granola mama, crunch, crunch.

this has been circulating on facebook, did you see it?

i think it’s hilarious, because this crunchy mama is such an extreme stereotype of what it means to be a crunchy mama. she mentions many of the key ideas that crunchy parents tend to do differently than mainstream parents, like opting to co-sleep, baby-wear, homebirth, cloth diaper, and opting for more natural health solutions like eating garlic or taking spirulina! i don’t like her judgemental tone about how other mamas mother, as she’s assuming her choices are best. which may be true for her family, but perhaps not for others.

[we are avid baby-wearers, both of us. above, lion at a few weeks old and still quite yellow from the jaundice. below, bear is conked out on dear hubby’s back at about 14 months of age.]

i tend to mother on the crunchier side of the spectrum. sometimes i feel like i shove attachment parenting beliefs down people’s throats, other times i feel as though i am not vocal enough about things like the positives of co-sleeping with a baby (especially a breastfed newby). i’ve actually become quite low key about breastfeeding, which when bear was a baby was a hot topic for me. some of you may remember my 30 seconds of fame a few years back when the local CTV station came to our house and interviewed me about facebook attacking women who post pictures of themselves breastfeeding. 
(i tried to search CTV’s site for the clip, but alas, their search only goes until 2010. perhaps if i switched my facebook page to the new timeline format i could find it. sigh.)


this is the picture facebook found offensive and removed. i think, now, it is available again for viewing in my profile pictures. to me, this picture reminds of a time when bear was about 10 months, learning to walk and feeling pretty sensitive with his new found independence. you can see the tears as a result of probably colliding with a table corner or something! this is a mama nurturing her baby, nothing else.

although i am still a HUGE advocate of breastfeeding, i think my focus and passions in my mothering career are evolving with the needs of my kids and family. as we prepare for the world of academia and school, i am becoming aware that my role as a SAHM/ homemaker is only in its early years. even when my kids are both in all day school i will still be the mom who is available to volunteer in the classroom, field trips and is always nearby. perhaps i will take on part-time work, but for us and our family, having a parent home is the only way we can do this parenting thing. maybe one day dear hubby will be the one who is home in the afternoons and doing school pick ups and making dinner, who knows. but one thing i do know is, one of us will be here. always.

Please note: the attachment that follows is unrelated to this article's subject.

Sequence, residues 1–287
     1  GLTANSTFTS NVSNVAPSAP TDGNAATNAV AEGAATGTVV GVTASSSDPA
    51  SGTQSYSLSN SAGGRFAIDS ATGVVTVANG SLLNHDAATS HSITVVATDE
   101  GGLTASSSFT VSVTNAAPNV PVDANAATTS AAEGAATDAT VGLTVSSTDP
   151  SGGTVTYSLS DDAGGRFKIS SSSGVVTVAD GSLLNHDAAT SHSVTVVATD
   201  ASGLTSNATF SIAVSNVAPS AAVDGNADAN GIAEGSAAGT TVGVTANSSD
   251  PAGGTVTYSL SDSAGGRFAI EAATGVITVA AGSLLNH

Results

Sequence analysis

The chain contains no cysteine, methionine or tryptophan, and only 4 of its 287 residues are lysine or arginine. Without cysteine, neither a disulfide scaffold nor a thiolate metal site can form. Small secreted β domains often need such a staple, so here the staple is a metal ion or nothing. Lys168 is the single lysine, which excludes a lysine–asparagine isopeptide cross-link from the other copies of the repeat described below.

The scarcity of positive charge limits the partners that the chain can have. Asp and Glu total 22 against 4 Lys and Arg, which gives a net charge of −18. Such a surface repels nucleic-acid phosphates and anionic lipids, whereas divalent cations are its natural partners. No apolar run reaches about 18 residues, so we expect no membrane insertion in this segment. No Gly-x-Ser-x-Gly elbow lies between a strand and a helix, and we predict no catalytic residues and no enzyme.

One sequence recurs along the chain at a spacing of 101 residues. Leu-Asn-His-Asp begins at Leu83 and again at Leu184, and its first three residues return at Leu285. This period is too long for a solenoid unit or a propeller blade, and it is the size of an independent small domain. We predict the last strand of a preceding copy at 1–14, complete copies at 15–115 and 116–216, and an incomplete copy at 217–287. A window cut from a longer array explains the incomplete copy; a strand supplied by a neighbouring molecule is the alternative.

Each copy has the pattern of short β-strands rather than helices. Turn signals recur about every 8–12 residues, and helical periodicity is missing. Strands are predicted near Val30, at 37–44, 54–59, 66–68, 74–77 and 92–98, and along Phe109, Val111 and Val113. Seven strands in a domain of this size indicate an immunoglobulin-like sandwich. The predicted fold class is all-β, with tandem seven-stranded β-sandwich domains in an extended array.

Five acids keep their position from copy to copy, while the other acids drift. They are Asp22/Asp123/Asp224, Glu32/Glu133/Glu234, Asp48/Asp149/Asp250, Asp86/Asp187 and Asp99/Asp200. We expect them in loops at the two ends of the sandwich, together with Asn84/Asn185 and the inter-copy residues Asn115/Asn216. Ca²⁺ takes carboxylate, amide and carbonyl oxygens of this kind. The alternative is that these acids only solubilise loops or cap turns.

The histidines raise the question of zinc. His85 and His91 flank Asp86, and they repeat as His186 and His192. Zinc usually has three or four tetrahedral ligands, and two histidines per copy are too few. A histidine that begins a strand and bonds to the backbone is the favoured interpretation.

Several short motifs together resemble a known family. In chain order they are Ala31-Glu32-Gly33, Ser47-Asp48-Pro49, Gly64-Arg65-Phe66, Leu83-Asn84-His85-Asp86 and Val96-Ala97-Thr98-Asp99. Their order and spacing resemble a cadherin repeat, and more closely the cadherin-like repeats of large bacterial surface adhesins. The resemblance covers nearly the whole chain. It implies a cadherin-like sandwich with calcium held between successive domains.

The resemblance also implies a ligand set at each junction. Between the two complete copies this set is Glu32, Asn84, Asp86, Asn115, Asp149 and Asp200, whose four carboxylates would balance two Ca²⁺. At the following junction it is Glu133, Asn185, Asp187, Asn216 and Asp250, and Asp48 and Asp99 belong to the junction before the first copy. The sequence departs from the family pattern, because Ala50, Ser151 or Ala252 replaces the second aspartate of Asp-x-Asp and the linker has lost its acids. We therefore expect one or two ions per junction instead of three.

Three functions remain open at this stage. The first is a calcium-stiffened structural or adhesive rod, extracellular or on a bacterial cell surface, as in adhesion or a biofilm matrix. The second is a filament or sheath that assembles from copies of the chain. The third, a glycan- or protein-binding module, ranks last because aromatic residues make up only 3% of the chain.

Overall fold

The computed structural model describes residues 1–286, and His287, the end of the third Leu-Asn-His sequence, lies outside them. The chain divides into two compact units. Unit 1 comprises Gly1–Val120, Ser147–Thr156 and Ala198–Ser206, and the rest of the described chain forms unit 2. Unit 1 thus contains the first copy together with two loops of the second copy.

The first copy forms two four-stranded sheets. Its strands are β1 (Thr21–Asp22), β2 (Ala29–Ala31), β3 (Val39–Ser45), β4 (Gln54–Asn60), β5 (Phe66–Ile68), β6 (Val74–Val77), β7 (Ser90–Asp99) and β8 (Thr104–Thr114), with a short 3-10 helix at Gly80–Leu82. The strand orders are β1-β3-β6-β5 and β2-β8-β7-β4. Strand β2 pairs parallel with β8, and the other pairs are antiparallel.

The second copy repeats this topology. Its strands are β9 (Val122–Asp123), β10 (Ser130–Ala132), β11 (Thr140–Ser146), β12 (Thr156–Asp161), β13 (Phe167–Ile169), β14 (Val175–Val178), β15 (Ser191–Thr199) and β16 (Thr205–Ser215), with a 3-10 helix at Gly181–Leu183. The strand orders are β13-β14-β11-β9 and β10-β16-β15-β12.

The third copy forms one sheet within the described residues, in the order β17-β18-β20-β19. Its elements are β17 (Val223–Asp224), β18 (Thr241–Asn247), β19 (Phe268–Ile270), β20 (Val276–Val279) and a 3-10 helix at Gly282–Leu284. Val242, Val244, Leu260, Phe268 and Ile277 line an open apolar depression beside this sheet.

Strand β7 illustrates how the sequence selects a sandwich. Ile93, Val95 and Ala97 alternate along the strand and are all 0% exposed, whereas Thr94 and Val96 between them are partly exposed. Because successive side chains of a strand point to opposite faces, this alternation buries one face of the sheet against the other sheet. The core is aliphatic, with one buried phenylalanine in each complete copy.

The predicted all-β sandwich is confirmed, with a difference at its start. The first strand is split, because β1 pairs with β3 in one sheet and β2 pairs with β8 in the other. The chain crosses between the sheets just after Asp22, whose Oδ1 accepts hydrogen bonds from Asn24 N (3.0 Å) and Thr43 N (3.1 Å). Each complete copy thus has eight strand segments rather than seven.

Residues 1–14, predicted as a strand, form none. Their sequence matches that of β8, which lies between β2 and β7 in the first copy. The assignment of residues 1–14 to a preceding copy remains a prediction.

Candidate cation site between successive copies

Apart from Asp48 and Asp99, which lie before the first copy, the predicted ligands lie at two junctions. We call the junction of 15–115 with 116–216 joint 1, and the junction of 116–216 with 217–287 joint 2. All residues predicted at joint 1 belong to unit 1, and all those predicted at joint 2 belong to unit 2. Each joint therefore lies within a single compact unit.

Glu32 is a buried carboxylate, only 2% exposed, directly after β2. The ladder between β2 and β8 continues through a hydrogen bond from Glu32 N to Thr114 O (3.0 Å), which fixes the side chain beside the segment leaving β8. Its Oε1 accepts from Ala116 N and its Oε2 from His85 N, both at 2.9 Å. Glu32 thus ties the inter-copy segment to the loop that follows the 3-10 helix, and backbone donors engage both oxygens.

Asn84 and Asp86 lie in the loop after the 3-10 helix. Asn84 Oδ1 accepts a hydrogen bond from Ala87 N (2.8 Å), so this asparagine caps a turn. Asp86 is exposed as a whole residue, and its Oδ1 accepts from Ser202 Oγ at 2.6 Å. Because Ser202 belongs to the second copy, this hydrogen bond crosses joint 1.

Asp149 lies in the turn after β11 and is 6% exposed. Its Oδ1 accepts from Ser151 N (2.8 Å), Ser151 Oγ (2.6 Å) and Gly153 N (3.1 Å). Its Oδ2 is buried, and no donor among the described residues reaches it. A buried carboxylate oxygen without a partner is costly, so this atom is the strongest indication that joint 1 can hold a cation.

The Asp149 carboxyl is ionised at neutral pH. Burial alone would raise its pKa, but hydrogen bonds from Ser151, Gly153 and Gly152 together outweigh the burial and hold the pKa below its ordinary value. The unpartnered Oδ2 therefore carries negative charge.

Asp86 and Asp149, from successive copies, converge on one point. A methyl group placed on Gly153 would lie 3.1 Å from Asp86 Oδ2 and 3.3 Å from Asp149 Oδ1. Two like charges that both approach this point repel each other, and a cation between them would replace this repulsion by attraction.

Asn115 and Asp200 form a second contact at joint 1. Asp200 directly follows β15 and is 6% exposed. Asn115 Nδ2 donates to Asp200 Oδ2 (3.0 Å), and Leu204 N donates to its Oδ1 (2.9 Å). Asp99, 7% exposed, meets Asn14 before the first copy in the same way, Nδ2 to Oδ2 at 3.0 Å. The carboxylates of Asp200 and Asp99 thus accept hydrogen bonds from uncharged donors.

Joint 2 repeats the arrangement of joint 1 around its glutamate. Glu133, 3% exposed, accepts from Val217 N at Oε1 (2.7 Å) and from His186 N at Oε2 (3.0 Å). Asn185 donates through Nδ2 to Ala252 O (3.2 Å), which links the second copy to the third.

it is very frustrating when i hear people comment “oh, i wish i could afford to stay at home like you”. it makes it sound as though we are millionaires and truth be told we are far from that. it just means that what we deem important, and what is worth sacrificing, is different from the mainstream parents i think. we live in a small house, 2 bedrooms and one-and-half stories, no big tv’s here, one car, and lots of second-hand furniture and clothes. i could go on, but i’m sure my point is made. 
all families and parents make sacrifices; we chose to sacrifice on material items so that i can stay home. like everything in life, these are the choices we made. 


oh, the joys of baby-led-weaning! here’s bear and his beautiful spaghetti face!


xo, mama lola
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Comments

  1. says

    I understand about the choices, I too have had people say they wish they could stay at home like me…but the truth be told they are not willing to sacrifice materials things, expensive vacations, etc. Sometimes we really have a rough time trying to make staying at home work for us…but we are willing to do it and not complain but cherish the thought that are kids are better off.
    On another note…yay for breastfeeding, I am a partly crunchy mama too 🙂

  2. says

    I love this post. Both as an “attached” parent and a dirt poor stay at home mom. We’ve had many conversations in our home about whether I should take on an outside job, but always come back to the same decision. Having an at home parent is worth it.

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